Andrew Hicks, assistant professor of music and medieval studies, has been awarded a prestigious Berlin Prize from the American Academy in Berlin. Hicks is one of 21 scholars, writers and artists to receive the prize for 2017-18.
The highly competitive Berlin Prize is awarded annually to scholars, writers, composers and artists from the United States who represent the highest standards of excellence in their fields. Fellows receive a monthly stipend, partial board and accommodations at the academy’s lakeside Hans Arnhold Center in Berlin-Wannsee.
The Berlin Prize provides recipients with the time and resources to step back from their daily obligations to work on academic and artistic projects they might not otherwise pursue. Fellows are encouraged to work with local individuals and institutions in the academy’s well-established network, forging connections and transatlantic relationships. During their stay, fellows engage audiences through public lectures, performances and readings, which take place at the academy and throughout Berlin and Germany.
While in residence in spring 2018, Hicks will work toward completion of his second monograph, “The Broken Harp: Musical Metaphor in Classical Persian Literature.” Hicks describes the project as a richly textured media archaeology of the real and imagined soundscapes of medieval Persian poetry, documenting and detailing the role of the auditory within the poetic imagination. He said the book will “reframe the history of medieval Persian musical culture through a focus on the technical vocabulary, poetic imagery, artistic visualizations, and philosophical metaphors of music and musical experiences in medieval Persian literary traditions.”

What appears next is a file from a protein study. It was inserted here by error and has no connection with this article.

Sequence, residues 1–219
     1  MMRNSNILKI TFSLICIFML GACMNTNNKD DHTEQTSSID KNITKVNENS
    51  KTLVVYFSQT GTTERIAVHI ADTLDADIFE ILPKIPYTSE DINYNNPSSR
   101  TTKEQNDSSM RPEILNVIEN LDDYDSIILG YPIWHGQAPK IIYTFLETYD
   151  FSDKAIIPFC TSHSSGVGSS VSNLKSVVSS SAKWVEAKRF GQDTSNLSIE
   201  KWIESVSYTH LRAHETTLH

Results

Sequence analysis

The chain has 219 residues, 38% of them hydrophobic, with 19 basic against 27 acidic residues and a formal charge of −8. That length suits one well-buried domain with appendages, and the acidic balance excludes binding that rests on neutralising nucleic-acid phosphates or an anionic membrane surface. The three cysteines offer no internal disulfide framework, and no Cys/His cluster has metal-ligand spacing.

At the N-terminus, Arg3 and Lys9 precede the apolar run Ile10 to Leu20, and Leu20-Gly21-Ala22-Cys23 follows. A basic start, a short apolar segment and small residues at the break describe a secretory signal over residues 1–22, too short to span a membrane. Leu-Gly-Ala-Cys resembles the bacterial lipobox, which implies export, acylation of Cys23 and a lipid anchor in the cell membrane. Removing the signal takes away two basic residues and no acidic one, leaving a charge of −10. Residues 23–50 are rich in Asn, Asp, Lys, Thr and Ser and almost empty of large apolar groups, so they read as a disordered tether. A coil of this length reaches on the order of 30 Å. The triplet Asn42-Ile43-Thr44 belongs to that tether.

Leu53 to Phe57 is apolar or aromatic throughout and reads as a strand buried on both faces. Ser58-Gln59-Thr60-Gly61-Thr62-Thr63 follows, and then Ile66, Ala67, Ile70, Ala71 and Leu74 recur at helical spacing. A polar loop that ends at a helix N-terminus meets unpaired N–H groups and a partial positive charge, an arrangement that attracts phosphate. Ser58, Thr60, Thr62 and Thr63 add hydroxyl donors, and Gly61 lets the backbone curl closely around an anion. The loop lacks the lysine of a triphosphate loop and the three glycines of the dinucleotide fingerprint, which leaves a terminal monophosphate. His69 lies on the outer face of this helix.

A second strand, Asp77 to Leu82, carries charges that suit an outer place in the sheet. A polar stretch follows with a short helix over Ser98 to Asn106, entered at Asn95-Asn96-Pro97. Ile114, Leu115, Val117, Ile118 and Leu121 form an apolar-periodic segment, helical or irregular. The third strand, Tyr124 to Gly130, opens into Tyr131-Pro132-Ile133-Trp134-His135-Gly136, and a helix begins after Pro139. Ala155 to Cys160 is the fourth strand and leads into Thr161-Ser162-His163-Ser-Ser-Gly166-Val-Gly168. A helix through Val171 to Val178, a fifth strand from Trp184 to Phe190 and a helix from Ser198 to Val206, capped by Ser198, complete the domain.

Hicks’ research focuses on the intellectual history of early musical thought from a cross-disciplinary perspective that embraces philosophical, cosmological, scientific and grammatical discourse in Late Antiquity and the Middle Ages, and spans the linguistic and cultural spheres of Latin, Greek, Persian and Arabic. He is the author of “Composing the World: Harmony in the Medieval Platonic Cosmos” (2017), and he collaborated with the Rev. Édouard Jeauneau on an edition of John Scottus Eriugena’s “Commentary and Homily on the Gospel of John” (2008). They also have a forthcoming first edition of William of Conches’ Glosulae super Priscianum.
Linda B. Glaser is a staff writer for the College of Arts and Sciences.